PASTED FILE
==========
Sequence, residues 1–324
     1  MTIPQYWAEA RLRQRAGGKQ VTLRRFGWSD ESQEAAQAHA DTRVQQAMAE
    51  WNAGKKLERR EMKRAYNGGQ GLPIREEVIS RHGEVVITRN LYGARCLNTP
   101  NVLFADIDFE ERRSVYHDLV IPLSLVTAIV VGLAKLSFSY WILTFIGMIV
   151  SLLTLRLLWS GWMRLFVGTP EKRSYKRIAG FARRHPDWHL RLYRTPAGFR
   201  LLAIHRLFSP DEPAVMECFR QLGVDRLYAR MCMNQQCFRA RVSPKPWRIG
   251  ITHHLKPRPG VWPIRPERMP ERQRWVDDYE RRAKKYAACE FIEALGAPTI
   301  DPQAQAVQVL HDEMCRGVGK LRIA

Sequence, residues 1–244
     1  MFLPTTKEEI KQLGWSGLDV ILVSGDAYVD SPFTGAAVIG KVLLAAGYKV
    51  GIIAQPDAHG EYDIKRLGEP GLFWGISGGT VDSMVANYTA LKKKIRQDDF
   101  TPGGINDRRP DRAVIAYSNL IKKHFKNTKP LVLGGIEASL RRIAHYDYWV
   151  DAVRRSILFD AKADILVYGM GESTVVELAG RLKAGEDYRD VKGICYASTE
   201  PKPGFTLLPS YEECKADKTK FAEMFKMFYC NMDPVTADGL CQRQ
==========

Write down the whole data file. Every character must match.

Sequence, residues 1–324
     1  MTIPQYWAEA RLRQRAGGKQ VTLRRFGWSD ESQEAAQAHA DTRVQQAMAE
    51  WNAGKKLERR EMKRAYNGGQ GLPIREEVIS RHGEVVITRN LYGARCLNTP
   101  NVLFADIDFE ERRSVYHDLV IPLSLVTAIV VGLAKLSFSY WILTFIGMIV
   151  SLLTLRLLWS GWMRLFVGTP EKRSYKRIAG FARRHPDWHL RLYRTPAGFR
   201  LLAIHRLFSP DEPAVMECFR QLGVDRLYAR MCMNQQCFRA RVSPKPWRIG
   251  ITHHLKPRPG VWPIRPERMP ERQRWVDDYE RRAKKYAACE FIEALGAPTI
   301  DPQAQAVQVL HDEMCRGVGK LRIA

Sequence, residues 1–244
     1  MFLPTTKEEI KQLGWSGLDV ILVSGDAYVD SPFTGAAVIG KVLLAAGYKV
    51  GIIAQPDAHG EYDIKRLGEP GLFWGISGGT VDSMVANYTA LKKKIRQDDF
   101  TPGGINDRRP DRAVIAYSNL IKKHFKNTKP LVLGGIEASL RRIAHYDYWV
   151  DAVRRSILFD AKADILVYGM GESTVVELAG RLKAGEDYRD VKGICYASTE
   201  PKPGFTLLPS YEECKADKTK FAEMFKMFYC NMDPVTADGL CQRQ